On CNN both last night - before his execution, and this morning - after, the reporter told us both that he would, and then did, pay for the lives he took, with his own. She used almost the exact same words both times, in the future tense and then in the past. It struck me both times: how is that possible?
If he had taken one life, perhaps, and then been caught - perhaps one could argue that this was justice, that a full restitution had been made. But how can his one life pay the sum of ten other lives? How can his one death assuage the grief of 10 families? How can he pay for all ten, and the literally hundreds of lives he permanently damaged in the wake of the ones he took to the grave? Is it even possible?
Someone outside Washington has been shooting men and women without concern for race or age. The attacks have been both methodical and random….
We are always looking to make some sort of sense out of murder in order to keep it safely at bay: I don’t fit that description; I don’t live in that town; I would never have gone to that place, known that person. But what happens when we can’t say that—when there is no description, no place, nobody? Where do we go to get our peace of mind?....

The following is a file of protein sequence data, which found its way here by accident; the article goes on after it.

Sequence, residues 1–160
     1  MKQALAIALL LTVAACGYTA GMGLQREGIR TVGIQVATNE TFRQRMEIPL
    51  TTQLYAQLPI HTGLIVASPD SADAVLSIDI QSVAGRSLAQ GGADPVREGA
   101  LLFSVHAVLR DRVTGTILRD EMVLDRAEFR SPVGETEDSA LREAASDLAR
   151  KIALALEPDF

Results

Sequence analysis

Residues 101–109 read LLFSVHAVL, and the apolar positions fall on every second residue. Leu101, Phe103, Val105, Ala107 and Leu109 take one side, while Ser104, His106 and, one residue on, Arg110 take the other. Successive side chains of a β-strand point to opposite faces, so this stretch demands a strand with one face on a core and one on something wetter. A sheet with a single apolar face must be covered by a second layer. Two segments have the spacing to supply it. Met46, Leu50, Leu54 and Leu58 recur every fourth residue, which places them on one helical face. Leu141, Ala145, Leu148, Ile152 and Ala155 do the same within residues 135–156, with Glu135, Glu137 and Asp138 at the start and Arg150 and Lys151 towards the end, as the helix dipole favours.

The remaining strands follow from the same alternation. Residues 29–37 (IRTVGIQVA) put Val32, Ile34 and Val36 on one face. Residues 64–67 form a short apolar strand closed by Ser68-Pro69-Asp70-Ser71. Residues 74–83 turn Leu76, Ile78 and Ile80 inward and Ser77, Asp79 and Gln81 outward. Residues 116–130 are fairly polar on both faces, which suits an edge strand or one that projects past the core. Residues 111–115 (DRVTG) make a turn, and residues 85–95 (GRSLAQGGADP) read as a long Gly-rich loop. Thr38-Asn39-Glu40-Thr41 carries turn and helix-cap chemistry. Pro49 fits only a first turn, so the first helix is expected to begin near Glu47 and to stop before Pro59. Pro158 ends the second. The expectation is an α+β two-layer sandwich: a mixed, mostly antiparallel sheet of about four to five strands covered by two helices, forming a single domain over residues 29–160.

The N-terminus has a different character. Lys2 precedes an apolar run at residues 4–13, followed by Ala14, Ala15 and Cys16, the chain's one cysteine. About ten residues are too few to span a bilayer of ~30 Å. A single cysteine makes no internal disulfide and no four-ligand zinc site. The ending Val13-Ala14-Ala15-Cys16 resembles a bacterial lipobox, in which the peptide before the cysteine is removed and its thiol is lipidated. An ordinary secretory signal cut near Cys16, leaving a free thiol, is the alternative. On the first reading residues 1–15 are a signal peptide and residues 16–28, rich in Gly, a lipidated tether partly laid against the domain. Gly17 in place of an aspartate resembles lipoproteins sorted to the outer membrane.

The fact is, staving off our own death is one of our favorite national pastimes. Whether it is exercise, checking cholesterol, or having a mammogram—we are always trying to find out what the profile is—and then make sure we do not fit it. But a sniper taking a single clean shot, not into a crowd but through the sight, reminds us horribly of death itself. Despite our best intentions, it is still, for the most part, random. And it is absolutely coming. – Ann Patchett, New York Times Magazine